Whenever you think you are lost, just backtrack to the last waypoint that looks familiar. It’s a handy trick for not losing your way in the woods or in the 340th level of some Dungeons & Dragons game. I kinda got “lost” as a geek. Not really knowing what to do with my geeky energy any more. The blog has gone by the wayside and so have many of my geeky projects. Instead I have degenerated (yes !) into scrolling Facebook, watching TV shows and scrolling 9gag! My God, I’m almost mainstream!
One of the things that I have been listening to in the car (I do long drives to work again) have been episodes of the Daily Source Code. The ORIGINAL show that got me into podcasting way back in 2004. For those kids who are oblivious: It was a show hosted by former MTV VJ Adam Curry and marks the very beginning of what we call podcasting today. What it perfectly communicates is the raw energy that ensues when you give a geek a mic and let him talk to the world without any rules or regulations.
One of my favorite episodes (and the very first where the name “Knightwise” is mentioned in a podcast) is where Adam pops on a lapel mike and leisurely takes us on a drive to the local mall to have a coffee and check his emails. Back in the day this was called ‘a sound-seeing tour’. Today’s podcasts are mostly scripted, have a steady ‘form factor’ and sound more like satellite radio than satellite radio, but back in those days it was different.
The most important lesson that I learned from re-listening to those old shows is that the most boring, dull and mundane things might be the most fascinating to share. One of the reasons I haven’t blogged for a while is because I thought I had nothing to share. Turns out there are things that i’m working on (as small as they may seem) that might be of some importance to the listeners. Hopping back to 1>0: ANY content is better then NO content at all.
So I’m gonna turn back the clock a little to 2004 (and before) and try to share simple geeky things with you that happen in my life. The fact I got a new monitor, a little app I found to listen to audiobooks in the car, a link to a nice Star Trek fan series on YouTube and so forth. Some of it might be utterly uninteresting to you, so you can just skip it. At least its better then total radio silence. But hey… one IS greater then zero.
There are certain things in the universe that are constant. Toast always falls with the Marmelade coated side DOWN, cats land on their feet and Will Smith’s son Jayden will never be able to utter an intelligent sentence on social media.
And the same goes for interesting articles on the web. Their will be a constant relation between the moment you find an interesting article you want to read and the lack of time you have to do so. So how about fixing that problem. What if you could store those interesting articles and .. have them read TO you when YOU have the time.
No time right now ? It’s in the pocket.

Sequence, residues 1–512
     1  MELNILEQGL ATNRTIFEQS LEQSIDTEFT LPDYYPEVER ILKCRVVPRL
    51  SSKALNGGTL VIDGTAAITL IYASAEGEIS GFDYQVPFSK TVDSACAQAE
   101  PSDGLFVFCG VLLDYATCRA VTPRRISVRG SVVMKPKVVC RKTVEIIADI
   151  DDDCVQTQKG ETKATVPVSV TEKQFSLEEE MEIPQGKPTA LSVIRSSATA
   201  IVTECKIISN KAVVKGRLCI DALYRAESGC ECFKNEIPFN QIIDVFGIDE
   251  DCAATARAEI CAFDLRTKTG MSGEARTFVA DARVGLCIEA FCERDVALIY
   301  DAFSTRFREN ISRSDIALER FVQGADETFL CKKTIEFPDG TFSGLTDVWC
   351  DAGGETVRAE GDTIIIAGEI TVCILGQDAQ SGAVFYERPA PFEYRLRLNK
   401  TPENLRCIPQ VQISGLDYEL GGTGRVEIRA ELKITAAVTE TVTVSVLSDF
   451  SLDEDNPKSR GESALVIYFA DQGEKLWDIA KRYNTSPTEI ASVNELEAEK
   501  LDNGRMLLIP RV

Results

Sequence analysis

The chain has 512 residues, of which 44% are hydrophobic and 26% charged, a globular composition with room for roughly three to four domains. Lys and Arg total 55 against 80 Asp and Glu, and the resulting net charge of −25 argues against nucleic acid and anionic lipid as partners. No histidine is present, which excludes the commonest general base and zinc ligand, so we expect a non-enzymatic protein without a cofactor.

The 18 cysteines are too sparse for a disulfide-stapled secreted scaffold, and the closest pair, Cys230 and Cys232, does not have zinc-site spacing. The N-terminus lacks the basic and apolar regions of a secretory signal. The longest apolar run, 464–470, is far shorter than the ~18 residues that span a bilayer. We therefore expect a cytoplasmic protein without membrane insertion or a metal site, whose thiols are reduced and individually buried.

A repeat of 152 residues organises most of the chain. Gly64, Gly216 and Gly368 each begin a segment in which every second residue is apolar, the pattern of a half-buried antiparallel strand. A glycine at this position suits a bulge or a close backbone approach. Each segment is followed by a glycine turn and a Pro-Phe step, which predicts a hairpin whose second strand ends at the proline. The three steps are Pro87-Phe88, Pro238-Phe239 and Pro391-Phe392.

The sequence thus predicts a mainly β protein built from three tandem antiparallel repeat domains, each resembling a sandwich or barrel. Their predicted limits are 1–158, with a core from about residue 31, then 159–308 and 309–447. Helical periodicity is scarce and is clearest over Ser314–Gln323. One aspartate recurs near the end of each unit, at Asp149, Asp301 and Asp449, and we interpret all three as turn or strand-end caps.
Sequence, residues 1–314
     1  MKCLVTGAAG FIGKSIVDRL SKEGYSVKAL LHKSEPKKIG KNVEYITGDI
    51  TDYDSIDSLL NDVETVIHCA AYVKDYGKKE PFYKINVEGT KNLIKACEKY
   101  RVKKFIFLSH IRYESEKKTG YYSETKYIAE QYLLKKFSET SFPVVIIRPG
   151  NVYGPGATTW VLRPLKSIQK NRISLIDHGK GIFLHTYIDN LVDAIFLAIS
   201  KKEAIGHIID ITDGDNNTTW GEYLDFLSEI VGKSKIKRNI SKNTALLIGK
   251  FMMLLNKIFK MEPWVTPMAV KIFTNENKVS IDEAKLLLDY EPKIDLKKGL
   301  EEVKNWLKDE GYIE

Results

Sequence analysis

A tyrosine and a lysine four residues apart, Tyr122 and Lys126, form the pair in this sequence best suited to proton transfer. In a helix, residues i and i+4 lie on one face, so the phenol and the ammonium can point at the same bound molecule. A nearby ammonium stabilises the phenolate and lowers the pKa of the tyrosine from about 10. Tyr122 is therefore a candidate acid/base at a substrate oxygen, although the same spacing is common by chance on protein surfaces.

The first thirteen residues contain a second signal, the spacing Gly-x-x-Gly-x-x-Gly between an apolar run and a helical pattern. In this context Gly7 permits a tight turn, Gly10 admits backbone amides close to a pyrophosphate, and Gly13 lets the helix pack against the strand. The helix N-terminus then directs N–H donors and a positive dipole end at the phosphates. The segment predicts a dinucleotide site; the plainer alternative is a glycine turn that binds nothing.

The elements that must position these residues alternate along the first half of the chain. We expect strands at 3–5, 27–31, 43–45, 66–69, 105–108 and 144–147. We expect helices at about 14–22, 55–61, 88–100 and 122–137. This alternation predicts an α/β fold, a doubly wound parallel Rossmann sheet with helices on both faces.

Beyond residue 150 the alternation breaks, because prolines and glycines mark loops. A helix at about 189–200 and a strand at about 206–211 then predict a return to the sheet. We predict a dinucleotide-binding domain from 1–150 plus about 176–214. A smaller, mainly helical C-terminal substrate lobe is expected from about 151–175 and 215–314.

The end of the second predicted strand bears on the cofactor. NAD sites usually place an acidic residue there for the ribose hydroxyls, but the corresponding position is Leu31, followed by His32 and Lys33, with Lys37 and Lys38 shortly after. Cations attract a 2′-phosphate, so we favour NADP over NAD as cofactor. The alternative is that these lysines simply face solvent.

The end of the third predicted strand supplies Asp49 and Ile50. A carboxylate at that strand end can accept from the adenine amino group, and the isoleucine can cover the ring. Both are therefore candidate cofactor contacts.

Enter “pocket” : A notebook service that lets you store articles in the cloud to read them later (either on or offline). Pocket consists of a free cloud based account that lets you store articles and webpages and an application that allows you to read those articles when you have the time.
Adding articles to the “library” can be done with a Chrome or Firefox extension. You can access your collection of stored articles via Pocket’s website or use the application.
The application “syncs” your pocket articles so you can read them offline on your mobile device (Smartphone or Tablet) and is available on IOS and Android.
The one excellent feature you can use in the Pocket app is that you can have it READ the article out loud via text to speech.
Its a bit like listening to a podcast of articles you have collected on the web. The voices are fairly natural to listen to and you can adjust the speed AND the language so your Dutch article doesn’t get read by an English voice. (You should try it though , its hilarious).
The pocket service, the extension AND the pocket apps are free and available on all the major operating systems. Don’t read the web.. have somebody read it to you !
Is your mailbox overflowing ? Is your to-do list getting out of control ? Have you forgotten to pick up your significant other from the airport 3 times in a row ? Sounds to me you need a system to organise the myriad of things you have to do. Good thing there is KW908 : Getting things done the Cross platform way. We talk about the system I use to organise my tasks and my life .. the cross platform way.
Music provided by Daniel Mesner
- Snowsleep ‘Noises around us’ (available for free)
This week we look for ways to make technology work for you instead of the other way around. No really ! Have you noticed how you are constantly interrupted by notifications from your smartphone ? How you spend hours on Social media without doing anything productive ? How adds and Tv sometimes make you feel agitated ? We go on a quest for some practical tips to cyber-zen your lifestyle. So lets tame your content stream and your devices so they will work for you .. instead of the other way around.
- Getting rid of cable tv
- Taming my devices
- The power of “Ding”
- The “Ding” hierarchy
- The results